Over the weekend, the U.S. conducted two raids in Africa against terrorists. In Libya, we captured Nazih Abdul-Hamed al-Ruqai, alias Abu Anas al-Liby, who is wanted for the bombing of two U.S. embassies in Africa in 1998. In Somalia, we targeted a senior leader of the Shabab, the Islamist terrorist group responsible for the massacre at the Westgate mall in Nairobi. We don’t know whether we killed the target. Scott wrote about the raids here.
The Obama administration should be commended for ordering the raids. However, we shouldn’t think for one moment that they are an adequate response to the growing success of al Qaeda and other Islamist terrorists in the Middle East, Asia, and North Africa, and to the threat this success poses to our security.
The raids are analogous to pulling a few weeds in a few isolated flower beds. That isn’t gardening.
I agree with Max Boot that countering the threat of Islamist terrorism requires much more than occasional raids. It requires engagement in areas where terrorists are planting roots. The engagement can take various forms, and typically will not involve direct, sustained U.S. military action, though that option should not be ruled out.
Engagement can mean aiding non-Islamist factions that are not anti-U.S., as we should have done (and still should do) in Syria. It can mean working with governments that are combating terrorist groups, like the government in Egypt about which the Obama administration has been too ambivalent.
According to Boot, the Obama administration has worked with the government of Somalia to combat the Shabab, and with some success:
Somalia, although still lawless, has been a success story of sorts because U.S.-backed African Union forces have bolstered the sway of the government in Mogadishu and pushed back the Shabab, leading the group to lash out in high-profile terrorist attacks outside the country, in Uganda and Kenya.
But in Libya, Boot finds that “the U.S. and its allies have not provided enough support to the pro-Western government in Tripoli to allow it to build up security forces capable of pushing back the militias that still rule the streets.”
In engaging with governments or factions that oppose our terrorist enemies and/or their state supporters, we should be prepared to tolerate serious imperfections. We should not back away from such factions or governments just because their vision of civil society does not match ours, or because their leaders don’t have completely clean hands.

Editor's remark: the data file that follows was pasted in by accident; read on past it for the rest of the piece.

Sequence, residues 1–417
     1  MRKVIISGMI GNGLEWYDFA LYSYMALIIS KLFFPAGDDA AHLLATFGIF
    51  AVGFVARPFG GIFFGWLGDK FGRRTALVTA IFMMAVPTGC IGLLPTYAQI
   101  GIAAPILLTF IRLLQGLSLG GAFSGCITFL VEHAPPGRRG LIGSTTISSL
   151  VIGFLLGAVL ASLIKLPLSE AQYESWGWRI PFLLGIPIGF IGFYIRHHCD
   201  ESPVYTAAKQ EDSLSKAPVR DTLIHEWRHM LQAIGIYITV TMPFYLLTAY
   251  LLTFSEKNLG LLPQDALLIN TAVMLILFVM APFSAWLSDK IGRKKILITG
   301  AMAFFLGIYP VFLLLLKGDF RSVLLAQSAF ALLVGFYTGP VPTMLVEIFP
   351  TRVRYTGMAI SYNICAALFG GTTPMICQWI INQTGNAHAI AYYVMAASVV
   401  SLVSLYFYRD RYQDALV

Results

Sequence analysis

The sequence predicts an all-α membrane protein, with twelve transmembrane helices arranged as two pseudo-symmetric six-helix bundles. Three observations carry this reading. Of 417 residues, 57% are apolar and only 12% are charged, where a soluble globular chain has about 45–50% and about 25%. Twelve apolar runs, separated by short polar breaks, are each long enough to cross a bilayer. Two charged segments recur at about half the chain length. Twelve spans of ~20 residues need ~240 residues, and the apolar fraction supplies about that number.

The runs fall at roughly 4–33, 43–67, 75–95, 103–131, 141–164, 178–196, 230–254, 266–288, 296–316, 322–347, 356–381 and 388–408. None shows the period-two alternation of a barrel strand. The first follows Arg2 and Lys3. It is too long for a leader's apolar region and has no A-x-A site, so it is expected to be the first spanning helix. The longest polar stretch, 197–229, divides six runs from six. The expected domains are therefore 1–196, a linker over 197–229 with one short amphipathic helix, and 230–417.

Egypt is a good example. The current regime of General Abdul Fattah el-Sisi leaves much to be desired. And, as I was perhaps too quick to complain in 2012, the general himself had a reputation within the military as a Muslim Brotherhood sympathizer.
Yet Sisi is currently leading the rout of key elements of the Muslim Brotherhood in Egypt. And his military apparently is working with Israel to combat Islamists in the Sinai.
The fact that Sisi may have had some sympathy for Brotherhood and the fact that he had virginity tests conducted on female protesters during the 2011 revolution make him hard to swallow. But they shouldn’t prevent us from supporting him as tries to move Egypt in a new, more favorable direction, from the U.S. point of view.
If the U.S. isn’t willing to work with less than fully savory elements in the Middle East, Asia, and North Africa, we won’t be able meaningfully engage in those regions except through massive military intervention, which no one wants. Our anti-terrorism efforts in these hothouses of Islamist terrorism will be limited to occasional strikes like those of this weekend.
We need to be better gardeners than that.